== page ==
A floor pump is a mandatory purchase. Ideally, that floor pump will work for not only standard road and mountain tires (predominantly with Presta valves), but also for kids bikes or bike trailers with smaller wheels. Lezyne’s entry into the affordable pump market is the Sport Floor Drive pump and it packs a solid value.
Lezyne Sport Floor Drive Pump Features:
- Steel barrel and piston with tough composite matrix base
- Large 2.5 inch gauge
- 48-inch, high-strength hose with composite matrix couplers
- Inflates to 220 psi max (not sure what for)
- Durable, painted finish with varnished wood handle.
- ABS1 PRO nozzle (tested) or Dual Valve equipped options
- MSRP: $49.99
Pump ‘em all
Upon arrival, the bright yellow cylinder of the Lezyne Sport Floor Drive pump made a statement, as did the round wooden handle. That wooden handle gives a nod to some of the classiest pumps on the market and isn’t so common on pumps at this price point. Good looks aside, it was time to put this one to good use.
There’s just no way to talk about this pump without mentioning the large, easy-to-read pressure gauge. With good increments and clear markings, setting up the proper pressure is easy to do. Upgraded models have an even larger pressure gauge. What’s not so easy (at least for sore muscles) is the quantity of pumps necessary to inflate a set of tires. It does require more strokes than my budget (and trusty) Performance Pro HP floor pump.
The hose on the Lezyne Sport measures 48 inches, thus allowing you to reach valves on bikes aboard hitch racks like the Kuat Transport 3. You’ll need to make sure your valves are between 3 and 9 o’clock, so keep that in mind, but it has more-than-enough length, in my opinion.
Screw-on nozzles are mostly good with only one small drawback. I really love how well they screw onto both Presta and Shraeder valves. It takes a simple flip of the reversible end valve to cover both valve types. Additionally, since the nozzle is set at a 90-degree angle, it can fit into tight spaces quite well. I’ve been able to pump up 12” bike trailer tires in a jiffy with the Sport pump — which isn’t possible with typical flip-lock designs.
I honestly prefer dedicated Presta/Schraeder nozzles like this pump uses. 90% of the time, I’m using Presta valves, so I like the dedicated chuck. When a pump has a magic nozzle that auto-adjusts, it never feels as secure as a dedicated one. As mentioned, changing it from one to the other is a breeze and I only have to do it for kids bikes.
The nozzle can take some getting used-to in order to consistently mount to the valve. Presta valve cores will vary slightly, so that could be the cause, but I can’t always get it to thread on as consistently as I’d like. I’d say every 3rd or 4th time requires a touch of finessing to get it screwed on. I’m not a NASCAR pit crew, so it’s really not an issue.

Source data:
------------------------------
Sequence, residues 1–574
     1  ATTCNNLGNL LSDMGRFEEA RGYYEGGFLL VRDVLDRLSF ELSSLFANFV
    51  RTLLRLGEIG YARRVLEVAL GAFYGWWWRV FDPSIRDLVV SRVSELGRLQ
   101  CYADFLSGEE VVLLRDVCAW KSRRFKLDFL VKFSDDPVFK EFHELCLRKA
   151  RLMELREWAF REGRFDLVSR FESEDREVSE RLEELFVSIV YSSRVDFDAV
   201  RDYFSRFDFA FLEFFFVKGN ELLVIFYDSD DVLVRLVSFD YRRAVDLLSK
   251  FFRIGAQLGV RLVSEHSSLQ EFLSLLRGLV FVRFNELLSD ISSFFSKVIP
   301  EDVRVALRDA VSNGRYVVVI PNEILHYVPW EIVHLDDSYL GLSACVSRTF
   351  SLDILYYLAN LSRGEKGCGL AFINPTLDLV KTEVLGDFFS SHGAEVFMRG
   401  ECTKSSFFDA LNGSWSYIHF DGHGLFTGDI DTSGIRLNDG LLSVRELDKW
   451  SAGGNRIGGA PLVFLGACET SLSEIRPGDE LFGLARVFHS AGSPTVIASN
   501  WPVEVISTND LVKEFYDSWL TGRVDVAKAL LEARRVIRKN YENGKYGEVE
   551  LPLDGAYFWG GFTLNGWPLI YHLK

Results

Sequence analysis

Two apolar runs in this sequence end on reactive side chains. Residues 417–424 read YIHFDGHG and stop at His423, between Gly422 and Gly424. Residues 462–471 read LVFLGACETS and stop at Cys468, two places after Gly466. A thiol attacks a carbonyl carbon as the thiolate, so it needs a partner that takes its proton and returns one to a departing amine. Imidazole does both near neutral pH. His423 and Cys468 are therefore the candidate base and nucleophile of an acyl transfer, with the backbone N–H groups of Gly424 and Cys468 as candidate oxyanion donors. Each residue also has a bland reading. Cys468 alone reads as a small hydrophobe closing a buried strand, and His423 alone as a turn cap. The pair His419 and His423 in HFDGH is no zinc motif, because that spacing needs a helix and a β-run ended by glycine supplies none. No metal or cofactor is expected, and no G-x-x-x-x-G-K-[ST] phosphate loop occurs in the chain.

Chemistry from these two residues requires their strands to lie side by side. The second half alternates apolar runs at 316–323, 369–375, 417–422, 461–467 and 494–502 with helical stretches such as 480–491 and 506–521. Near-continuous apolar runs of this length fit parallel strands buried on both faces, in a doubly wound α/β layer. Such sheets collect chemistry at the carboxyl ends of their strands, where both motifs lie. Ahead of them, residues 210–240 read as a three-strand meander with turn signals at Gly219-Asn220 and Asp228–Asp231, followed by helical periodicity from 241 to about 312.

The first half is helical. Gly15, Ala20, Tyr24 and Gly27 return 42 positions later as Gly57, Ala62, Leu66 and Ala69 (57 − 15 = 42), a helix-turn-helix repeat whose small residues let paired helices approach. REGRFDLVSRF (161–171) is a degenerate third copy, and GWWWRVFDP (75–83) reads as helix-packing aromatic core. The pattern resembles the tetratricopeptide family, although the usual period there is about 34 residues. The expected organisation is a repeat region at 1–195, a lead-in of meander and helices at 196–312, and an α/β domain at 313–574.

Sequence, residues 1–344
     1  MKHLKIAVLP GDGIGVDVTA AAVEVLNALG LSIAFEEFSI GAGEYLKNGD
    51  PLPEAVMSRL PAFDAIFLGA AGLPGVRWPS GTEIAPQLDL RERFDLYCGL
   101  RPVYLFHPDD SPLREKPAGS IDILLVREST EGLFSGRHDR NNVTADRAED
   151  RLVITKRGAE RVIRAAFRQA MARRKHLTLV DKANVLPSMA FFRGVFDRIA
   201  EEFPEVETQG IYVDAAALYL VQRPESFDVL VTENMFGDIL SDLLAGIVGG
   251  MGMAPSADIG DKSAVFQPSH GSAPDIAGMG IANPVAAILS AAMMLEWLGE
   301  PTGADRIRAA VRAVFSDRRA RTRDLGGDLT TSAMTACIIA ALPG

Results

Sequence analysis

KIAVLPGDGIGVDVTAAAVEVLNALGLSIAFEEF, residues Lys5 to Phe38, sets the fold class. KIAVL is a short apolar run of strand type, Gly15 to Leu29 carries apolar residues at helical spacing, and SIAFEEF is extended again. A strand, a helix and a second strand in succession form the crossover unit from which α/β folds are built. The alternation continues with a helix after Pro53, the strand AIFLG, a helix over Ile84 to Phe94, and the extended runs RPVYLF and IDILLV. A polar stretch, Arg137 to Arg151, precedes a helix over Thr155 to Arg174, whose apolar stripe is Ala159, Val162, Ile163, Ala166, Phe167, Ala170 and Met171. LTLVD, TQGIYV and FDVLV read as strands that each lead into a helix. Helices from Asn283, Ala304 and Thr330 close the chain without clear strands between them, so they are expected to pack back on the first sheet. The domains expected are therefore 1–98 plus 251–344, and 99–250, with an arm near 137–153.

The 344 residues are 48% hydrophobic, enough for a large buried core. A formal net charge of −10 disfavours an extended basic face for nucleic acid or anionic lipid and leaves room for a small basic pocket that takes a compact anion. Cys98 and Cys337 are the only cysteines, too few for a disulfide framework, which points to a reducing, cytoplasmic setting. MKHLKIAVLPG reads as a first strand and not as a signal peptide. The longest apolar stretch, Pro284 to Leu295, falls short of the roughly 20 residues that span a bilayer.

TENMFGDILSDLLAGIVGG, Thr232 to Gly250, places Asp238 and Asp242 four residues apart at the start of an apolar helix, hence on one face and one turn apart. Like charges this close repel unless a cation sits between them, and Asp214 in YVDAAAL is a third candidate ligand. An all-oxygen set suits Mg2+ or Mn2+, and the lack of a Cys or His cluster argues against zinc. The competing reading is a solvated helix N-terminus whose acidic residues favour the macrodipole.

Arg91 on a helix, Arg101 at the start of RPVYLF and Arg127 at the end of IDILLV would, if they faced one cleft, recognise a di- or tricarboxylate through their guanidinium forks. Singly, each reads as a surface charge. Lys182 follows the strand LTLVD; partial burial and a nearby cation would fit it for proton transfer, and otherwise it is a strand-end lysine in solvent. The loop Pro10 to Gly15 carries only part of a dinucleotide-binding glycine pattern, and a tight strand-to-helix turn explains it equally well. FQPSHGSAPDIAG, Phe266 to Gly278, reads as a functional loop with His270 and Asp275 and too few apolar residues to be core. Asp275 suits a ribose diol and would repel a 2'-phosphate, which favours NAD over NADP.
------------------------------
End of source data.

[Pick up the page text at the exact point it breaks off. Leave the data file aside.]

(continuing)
I was excited to have the pressure release valve on the ABS1 PRO nozzle as I’ve found that to be extremely helpful when dialing in pressures just right. As I started using it, I noticed that with Presta valves, it merely releases the air in the hose. Hmmm. With Schraeder valves, however, it works as intended by releasing a touch of air with each push. So, that was a bummer. I tried it with multiple Presta valves and the results were the same.
Something else that I’ll mention. Yes, this features a beautiful hardwood handle, but it’s not super-ergonomic and the cylinder does have a harsh bottom-out to it with every full stroke. Since the handle has no forgiveness, it can be jarring. As far as filling tires, each full stroke with 25 or 28mm tires results in a 2 psi. increase, which means a lot of strokes to fill a typical road tire. Again, this depends on tire volume/size, but that’s my experience compared to other budget pumps in the stable.
- Great design and looks
- Sturdy polycarbonate base
- Large pressure indicator
- Angled nozzle can reach even in tight spaces
- Easy to swap from Presta to Schraeder
- Built-in valve core remover
- Replaceable components
- Integrated valve wrench is a nice touch
- Threading the nozzle on/off doesn’t play well with tubeless valves (it tends to unscrew them
- Valve core remover isn’t deep enough to remove some cores
- Harsh bottom-out with every stroke
- No tire pressure release for Presta valves
- Smaller volume cylinder means more strokes
The Bottom Line: Lezyne Sport Floor Drive
Floor pumps are mandatory for any serious cyclist and the Lezyne Sport Floor Drive is easy on the wallet and does the job just fine. Are there nicer pumps, for sure, but this one is $49 and performs as well as I’d expect at the price.
Buy Now: Available at JensonUSA
I appreciate you wrote this review a while ago, but thought you might like to know that the pressure relief button has a different function when on Presta valves.
The idea is that by releasing the pressure in the hose side of the valve it prevents the pump removing the valve core which was an issue for some people with the previous versions of these pumps.
Good point. That makes sense, but I don’t think I’ve ever unscrewed a removable tubeless valve before. That said, it does make sense and I see its purpose now.